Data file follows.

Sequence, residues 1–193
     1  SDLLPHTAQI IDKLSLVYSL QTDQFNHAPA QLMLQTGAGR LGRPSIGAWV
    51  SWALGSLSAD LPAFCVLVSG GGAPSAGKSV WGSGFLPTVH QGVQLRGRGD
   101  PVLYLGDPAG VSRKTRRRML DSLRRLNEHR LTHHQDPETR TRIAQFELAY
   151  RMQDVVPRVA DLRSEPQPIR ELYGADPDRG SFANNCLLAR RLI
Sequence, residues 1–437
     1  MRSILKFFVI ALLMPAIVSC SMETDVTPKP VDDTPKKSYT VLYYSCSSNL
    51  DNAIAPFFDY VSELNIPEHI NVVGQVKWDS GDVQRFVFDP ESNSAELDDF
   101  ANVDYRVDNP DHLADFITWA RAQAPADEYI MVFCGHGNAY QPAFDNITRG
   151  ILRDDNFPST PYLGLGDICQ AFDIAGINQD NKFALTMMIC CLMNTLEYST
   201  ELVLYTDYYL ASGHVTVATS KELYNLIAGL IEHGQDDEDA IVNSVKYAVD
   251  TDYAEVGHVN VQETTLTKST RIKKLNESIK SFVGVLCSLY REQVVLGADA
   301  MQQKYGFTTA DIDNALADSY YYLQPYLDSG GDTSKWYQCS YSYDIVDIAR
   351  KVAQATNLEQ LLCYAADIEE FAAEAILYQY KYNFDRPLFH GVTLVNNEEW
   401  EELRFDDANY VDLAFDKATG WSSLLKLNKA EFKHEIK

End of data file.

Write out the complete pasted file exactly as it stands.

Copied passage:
Sequence, residues 1–193
     1  SDLLPHTAQI IDKLSLVYSL QTDQFNHAPA QLMLQTGAGR LGRPSIGAWV
    51  SWALGSLSAD LPAFCVLVSG GGAPSAGKSV WGSGFLPTVH QGVQLRGRGD
   101  PVLYLGDPAG VSRKTRRRML DSLRRLNEHR LTHHQDPETR TRIAQFELAY
   151  RMQDVVPRVA DLRSEPQPIR ELYGADPDRG SFANNCLLAR RLI
Sequence, residues 1–437
     1  MRSILKFFVI ALLMPAIVSC SMETDVTPKP VDDTPKKSYT VLYYSCSSNL
    51  DNAIAPFFDY VSELNIPEHI NVVGQVKWDS GDVQRFVFDP ESNSAELDDF
   101  ANVDYRVDNP DHLADFITWA RAQAPADEYI MVFCGHGNAY QPAFDNITRG
   151  ILRDDNFPST PYLGLGDICQ AFDIAGINQD NKFALTMMIC CLMNTLEYST
   201  ELVLYTDYYL ASGHVTVATS KELYNLIAGL IEHGQDDEDA IVNSVKYAVD
   251  TDYAEVGHVN VQETTLTKST RIKKLNESIK SFVGVLCSLY REQVVLGADA
   301  MQQKYGFTTA DIDNALADSY YYLQPYLDSG GDTSKWYQCS YSYDIVDIAR
   351  KVAQATNLEQ LLCYAADIEE FAAEAILYQY KYNFDRPLFH GVTLVNNEEW
   401  EELRFDDANY VDLAFDKATG WSSLLKLNKA EFKHEIK